At the beginning of the 1974 season, Porsche had become the dominant force in IMSA racing. Moreover, the Carreras now had a full 3,0L engine, which was even more powerful.
IMSA had begun to advertise more and more strongly and one could see more photographs at each race, posters, press receptions, a lot of banners, everything that was needed to make every IMSA race the racing show it was to become.
The beginning of the season took place as North American road racing had to suffer from numerous event cancellations. No race were to be held at Daytona or Sebring, as the oil-crisis had imposed severe restrictions on auto racing and thus, the season only began on 21st April, at Road Atlanta. There, Al Holbert teamed with Elliot Forbes Robinson to earn a first-ever IMSA professional win. Peter Gregg and Hurley Haywood had led most of the race after a brief stint by John Greenwood, but valves and pistons did not agree to make the car work, so they had to retire. Porsche did 1-2-3, Milt Minter-Michael Keyser were second and George Stone-Mike Downs third ; the fourth place went Brett Lunger-Andy Peterey on a BMW 3.0CSL.
The second race of the season took place at Laguna Seca for a first swing to the west coast for the IMSA Camel GT Challenge. The chosen format for the race was a two heat one. Al Holbert led the first one but had to let Elliot Forbes Robinson take the chequered after he hit someone. Peter Gregg, who started last, made a great come back to take third after he passed Milt Minter and George Dyer. The second started with Peter Gregg quickly on the lead but he had to pit with a tyre problem. That left Horst Kwech on the lead, driving a Ford Capri ahead Milt Minter who managed to take the lead after a neat pass at the end.
The next race, at Ontario Motor Speedway saw a Peter Gregg domination who lost his first place only when refueling! He experienced problems with five minutes to go, but made it to the chequered. Al Holbert could have won, but he broke their engine just after. So, it was George Dyer and Bob Bondurant who finally took the second place, ahead Michael Keyser and Milt Minter. Walt Maas and Frank Leary earned the GTU victory on their Datsun 240Z.
At Mid Ohio, a 6 Hour event, it was again Al Holbert sharing his Porsche with Peter Gregg who won the race. Second place was Bill Webbe's green Porsche who had Hurley Haywood as co-driver. Third were Michael Keyser-Milt Minter on their usual Toad Hall Porsche. Bruce Jennings-Bob Beasley took the GTU honours in their Porsche 911S.
Copyright Mark Windecker
At Daytona for the next race, Gregg fielded his usual car but only managed to take a fourth overall in that race, the only one to be run at night. Hurley Haywood again took a solo victory in the Bill Webbe Porsche Carrera. Second place was for Bob Bergstrom, his best result and third was Gregg Loomis. No American car was able to fight for victory and many off-course prevented them to earn good results.
The next race, held at Talladega, saw the first race that was not to be won by a Porsche. Milt Minter had negociated a drive on John Greenwood's Corvette, and was not to be beaten on this horsepower track. Michael Keyser took the lead when Milt Minter pitted for fuel but the latter overtook him on the very last lap. George Dyer, Peter Gregg and Carl Shafer followed. At Charlotte, it was a one-two for Peter Gregg leading Hurley Haywood, the pair three laps ahead Steve Behr. Gene Felton shared his Camaro with stock-car racer Buddy Baker to finish fourth.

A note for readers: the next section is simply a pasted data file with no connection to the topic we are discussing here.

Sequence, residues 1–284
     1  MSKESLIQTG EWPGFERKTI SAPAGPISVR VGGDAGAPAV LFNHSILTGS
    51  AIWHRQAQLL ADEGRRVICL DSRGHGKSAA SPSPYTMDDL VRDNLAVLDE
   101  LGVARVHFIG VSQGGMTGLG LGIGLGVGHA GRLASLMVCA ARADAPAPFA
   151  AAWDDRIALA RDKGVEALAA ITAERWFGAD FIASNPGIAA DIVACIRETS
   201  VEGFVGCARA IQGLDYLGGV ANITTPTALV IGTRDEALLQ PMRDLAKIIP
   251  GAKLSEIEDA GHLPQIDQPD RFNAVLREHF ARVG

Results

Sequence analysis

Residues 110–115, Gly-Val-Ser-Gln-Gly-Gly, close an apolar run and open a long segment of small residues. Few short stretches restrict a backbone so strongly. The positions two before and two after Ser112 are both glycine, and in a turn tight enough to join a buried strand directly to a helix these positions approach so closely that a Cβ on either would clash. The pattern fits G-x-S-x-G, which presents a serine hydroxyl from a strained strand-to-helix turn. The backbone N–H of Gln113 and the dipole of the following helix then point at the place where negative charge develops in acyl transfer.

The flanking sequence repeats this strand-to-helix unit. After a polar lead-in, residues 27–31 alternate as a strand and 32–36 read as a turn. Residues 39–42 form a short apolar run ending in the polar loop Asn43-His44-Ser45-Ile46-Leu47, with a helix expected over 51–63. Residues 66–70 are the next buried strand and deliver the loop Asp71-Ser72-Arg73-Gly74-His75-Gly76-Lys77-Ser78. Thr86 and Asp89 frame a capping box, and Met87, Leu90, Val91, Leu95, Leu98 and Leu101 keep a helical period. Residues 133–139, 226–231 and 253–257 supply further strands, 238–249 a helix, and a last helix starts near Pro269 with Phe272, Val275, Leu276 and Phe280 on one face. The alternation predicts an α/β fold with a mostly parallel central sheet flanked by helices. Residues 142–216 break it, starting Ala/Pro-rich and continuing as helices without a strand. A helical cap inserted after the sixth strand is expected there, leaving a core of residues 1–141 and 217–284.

John Greenwood-Milt Minter had taken the lead early in the race, but were had to retire with a broken rear. Spencer Buzbee-Craig Ross won the GTU class on their Datsun 240Z. Lime Rock was a two heat format again and Peter Gregg dominated the first one from the start. Michael Keyser was the only one not to be lapped by the winner. Third was Steve Behr on a Porsche Carrera too. Adrian Gang won the GTU class on his Porsche 911S.
The second heat seemed to go the same way but a broken throttle cable prevented Peter Gregg to do the same. It was Michael Keyser who inherited the win but the second place went to a surprising Bob Sharp driving a Datsun 260Z who managed to finish ahead Milt Minter, George Dyer and Hurley Haywood. Tom Ciccone won GTU on his Ford Escort.
The race held at Mexico City was the longest of the season and Peter Gregg did not take his car to this race. At the end of the 1000 kilometer, it was Guillermo Rojas-Hector Rebaque-Fred van Beuren who were the overall winners, 50s before Gregg Loomis-Steve Behr-Billy Sprowls on a Porsche Carrera, Bob Hagestad-Skip Barber were three laps down to finish third. Adrian Gang-Dennis Aase took the GTU category in a Porsche 911S.
Just before the last race, Peter Gregg led the Championship points with 98 to Milt Minter 96. Michael Keyser was third with 84 points and things would have to be extremely kind to him to win the Championship. For that very race, John Greenwood had a surprise for his rivals : a brand new Corvette, even more radical than the former one. Clearly the class of the field, he was four seconds faster than the next car!
He did well in that race as he won one lap ahead his next pursuer, Al Holbert. Third place went to Dave Heinz-Jerry Thompson who did very well in that race. That cannot be said from Michael Keyser and Milt Minter, who had to retire from the race, with electrical problems for the first one, and a blown engine for the second. Peter Gregg experienced troubles with his gearbox and could not do better than eighth, but that was enough to earn him a new Championship. Juan Montalvo won the GTU category in a Ford Escort. The 1974 Championship ended up with a confirmation that Porsche was the dominant force in IMSA. But the future looked bright as BMW announced that they would field factory CSLs for the next season.